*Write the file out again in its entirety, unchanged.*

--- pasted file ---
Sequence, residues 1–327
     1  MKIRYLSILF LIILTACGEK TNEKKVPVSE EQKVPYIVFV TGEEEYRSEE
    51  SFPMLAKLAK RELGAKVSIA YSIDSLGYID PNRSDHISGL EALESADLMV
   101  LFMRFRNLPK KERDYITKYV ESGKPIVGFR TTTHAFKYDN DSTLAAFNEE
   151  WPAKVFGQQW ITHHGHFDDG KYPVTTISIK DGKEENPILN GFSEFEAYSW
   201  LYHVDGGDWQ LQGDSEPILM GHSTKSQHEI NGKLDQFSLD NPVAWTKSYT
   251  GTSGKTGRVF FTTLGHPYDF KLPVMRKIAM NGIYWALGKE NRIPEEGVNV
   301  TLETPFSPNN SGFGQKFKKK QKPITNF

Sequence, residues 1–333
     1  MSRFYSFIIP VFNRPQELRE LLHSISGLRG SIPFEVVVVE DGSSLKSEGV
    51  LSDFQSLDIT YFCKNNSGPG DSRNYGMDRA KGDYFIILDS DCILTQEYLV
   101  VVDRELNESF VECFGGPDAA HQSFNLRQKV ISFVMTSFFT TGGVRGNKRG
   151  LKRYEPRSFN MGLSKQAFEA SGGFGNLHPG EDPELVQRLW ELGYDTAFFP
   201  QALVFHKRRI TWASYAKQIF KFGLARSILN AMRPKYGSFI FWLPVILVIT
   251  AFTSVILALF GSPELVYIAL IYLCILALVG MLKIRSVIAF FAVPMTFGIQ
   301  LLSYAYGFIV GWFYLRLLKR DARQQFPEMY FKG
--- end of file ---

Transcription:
Sequence, residues 1–327
     1  MKIRYLSILF LIILTACGEK TNEKKVPVSE EQKVPYIVFV TGEEEYRSEE
    51  SFPMLAKLAK RELGAKVSIA YSIDSLGYID PNRSDHISGL EALESADLMV
   101  LFMRFRNLPK KERDYITKYV ESGKPIVGFR TTTHAFKYDN DSTLAAFNEE
   151  WPAKVFGQQW ITHHGHFDDG KYPVTTISIK DGKEENPILN GFSEFEAYSW
   201  LYHVDGGDWQ LQGDSEPILM GHSTKSQHEI NGKLDQFSLD NPVAWTKSYT
   251  GTSGKTGRVF FTTLGHPYDF KLPVMRKIAM NGIYWALGKE NRIPEEGVNV
   301  TLETPFSPNN SGFGQKFKKK QKPITNF

Sequence, residues 1–333
     1  MSRFYSFIIP VFNRPQELRE LLHSISGLRG SIPFEVVVVE DGSSLKSEGV
    51  LSDFQSLDIT YFCKNNSGPG DSRNYGMDRA KGDYFIILDS DCILTQEYLV
   101  VVDRELNESF VECFGGPDAA HQSFNLRQKV ISFVMTSFFT TGGVRGNKRG
   151  LKRYEPRSFN MGLSKQAFEA SGGFGNLHPG EDPELVQRLW ELGYDTAFFP
   201  QALVFHKRRI TWASYAKQIF KFGLARSILN AMRPKYGSFI FWLPVILVIT
   251  AFTSVILALF GSPELVYIAL IYLCILALVG MLKIRSVIAF FAVPMTFGIQ
   301  LLSYAYGFIV GWFYLRLLKR DARQQFPEMY FKG